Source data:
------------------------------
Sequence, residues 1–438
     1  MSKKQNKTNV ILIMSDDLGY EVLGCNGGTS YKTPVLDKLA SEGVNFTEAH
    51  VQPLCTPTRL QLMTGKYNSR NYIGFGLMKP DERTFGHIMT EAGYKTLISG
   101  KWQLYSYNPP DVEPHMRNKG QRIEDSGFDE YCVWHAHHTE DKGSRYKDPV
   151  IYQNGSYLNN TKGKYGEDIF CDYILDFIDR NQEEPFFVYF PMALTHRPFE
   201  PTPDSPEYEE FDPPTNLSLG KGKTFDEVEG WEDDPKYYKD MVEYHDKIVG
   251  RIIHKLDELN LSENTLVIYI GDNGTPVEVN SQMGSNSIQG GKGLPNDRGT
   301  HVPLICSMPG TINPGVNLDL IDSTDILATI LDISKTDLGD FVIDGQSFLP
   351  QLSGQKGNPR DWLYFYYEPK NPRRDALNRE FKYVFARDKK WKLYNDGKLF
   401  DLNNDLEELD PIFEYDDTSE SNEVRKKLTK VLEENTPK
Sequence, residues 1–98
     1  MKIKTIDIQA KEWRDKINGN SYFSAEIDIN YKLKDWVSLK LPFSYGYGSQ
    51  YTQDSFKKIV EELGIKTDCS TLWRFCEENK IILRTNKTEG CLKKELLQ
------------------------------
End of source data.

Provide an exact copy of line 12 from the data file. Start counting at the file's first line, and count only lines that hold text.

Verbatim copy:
     1  MKIKTIDIQA KEWRDKINGN SYFSAEIDIN YKLKDWVSLK LPFSYGYGSQ